A growing practice among some parents is called “redshirting,” Redshirting means holding a child back a year from starting kindergarten even though he or she is eligible by age. Many states use August 31 as the cutoff for the 5th birthday in order for a child to start kindergarten. A researcher is curious if the proportion of boys with August birthdays who are redshirted is different than the proportion of girls with August birthdays who are redshirted.

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**Question 15**

**5.5 pts**

**Gender and College Students:** According to the U.S. Department of Education, approximately 57% of students attending colleges in the U.S. are female. A statistics student is curious whether this is true at her college. She tests the hypotheses H0: p = 0.57 versus Ha: p ≠ 0.57.

The P‐value is not small enough to reject the null hypothesis. Which of the following is an appropriate conclusion?

There is enough evidence to say that the proportion of female students at the college is different from 0.57.

There is not enough evidence to say that the proportion of female students at the college is different from 0.57.

There is enough evidence to say that the proportion of female students at the college is equal to the national figure of 57%.

The probability that the proportion of female students at the college is different from 0.57 is equal to the level of significance, 0.05.

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**Question 16**

**6 pts**

The trustees of a local school district commission a survey to determine voter opinions about a possible bond measure to fund school upgrades. In a poll of 293 of the district’s 5,019 registered voters, 178 would support the bond measure.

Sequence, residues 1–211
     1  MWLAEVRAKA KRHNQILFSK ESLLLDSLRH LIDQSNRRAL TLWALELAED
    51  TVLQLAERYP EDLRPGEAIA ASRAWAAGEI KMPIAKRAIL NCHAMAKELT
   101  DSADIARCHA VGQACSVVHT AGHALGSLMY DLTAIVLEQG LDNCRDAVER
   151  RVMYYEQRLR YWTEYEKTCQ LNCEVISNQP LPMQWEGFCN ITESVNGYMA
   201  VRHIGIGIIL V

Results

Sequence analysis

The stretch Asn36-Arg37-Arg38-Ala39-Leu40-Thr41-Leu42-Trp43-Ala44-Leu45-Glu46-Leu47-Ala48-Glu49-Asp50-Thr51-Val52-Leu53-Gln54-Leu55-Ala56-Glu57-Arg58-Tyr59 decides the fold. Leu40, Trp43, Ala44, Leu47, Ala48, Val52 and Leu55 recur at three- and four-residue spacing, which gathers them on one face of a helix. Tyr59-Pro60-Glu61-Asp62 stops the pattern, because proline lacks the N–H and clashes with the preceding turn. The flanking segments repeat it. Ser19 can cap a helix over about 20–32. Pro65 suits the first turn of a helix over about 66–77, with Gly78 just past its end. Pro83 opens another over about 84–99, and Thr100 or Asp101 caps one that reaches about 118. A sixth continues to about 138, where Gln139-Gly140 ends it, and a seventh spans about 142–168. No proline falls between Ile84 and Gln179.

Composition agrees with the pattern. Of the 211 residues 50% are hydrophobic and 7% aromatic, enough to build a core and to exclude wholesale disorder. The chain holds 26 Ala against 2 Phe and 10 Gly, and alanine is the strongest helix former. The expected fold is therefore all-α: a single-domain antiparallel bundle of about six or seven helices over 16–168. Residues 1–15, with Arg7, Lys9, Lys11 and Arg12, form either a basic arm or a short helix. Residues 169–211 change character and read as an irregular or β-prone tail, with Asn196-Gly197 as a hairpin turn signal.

Conduct a hypothesis test to determine if such a bond would pass with the required 55% of the vote. Use a 5% significance level to make your decision.

Use the applet (at the top of this Checkpoint) to determine the P‐value.

Which of the following is an appropriate conclusion based on the results?

This poll suggests that the bond measure will pass with over 60% support from the voters in the district.

Over 60% of the people polled support the bond measure, but this is not strong enough evidence to conclude that the bond measure has the required 55% support in the district.

This poll provides strong evidence that the bond measure will pass.

This poll suggests that 55% of the district will support the bond measure.

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**Question 17**

**6 pts**

Suppose that only 40% of the U.S. public supported the general direction of the previous U.S. President’s policies. To determine whether support for the current President is higher than 40%, a major polling organization conducts a poll with a random sample. Of the 500 in the sample, 210 support the current President’s policies.

Conduct a hypothesis test to determine if support for the current President’s policies is greater than 40%. Use a 5% significance level to make your decision.

Use the applet (at the top of this Checkpoint) to determine the P‐value.

Which of the following is an appropriate conclusion based on the results?

This poll provides strong evidence that support for the current President’s policies is greater than 40%.

This poll suggests that support for the current President’s policies is higher than 40%, but the increase is not statistically significant.

From this poll we can conclude that 42% of the U.S. public supports the general direction of the current President’s policies.

From this poll we can conclude that 40% of the U.S. public supports the general direction of the current President’s policies.

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**Question 18**

**5.5 pts**

Gender and College Students: According to the U.S. Department of Education, approximately 57% of students attending colleges in the U.S. are female. A statistics student is curious whether this is true at her college. She tests the hypotheses H0: p = 0.57 versus Ha: p ≠ 0.57.

She plans to use a significance level of 0.05. She calculates her test statistic to be 1.42.

Using the applet (at the top of this Checkpoint), what is the P‐value?

P‐value = 0.078

P‐value = 0.156

P‐value = 0.922

P‐value = 0.05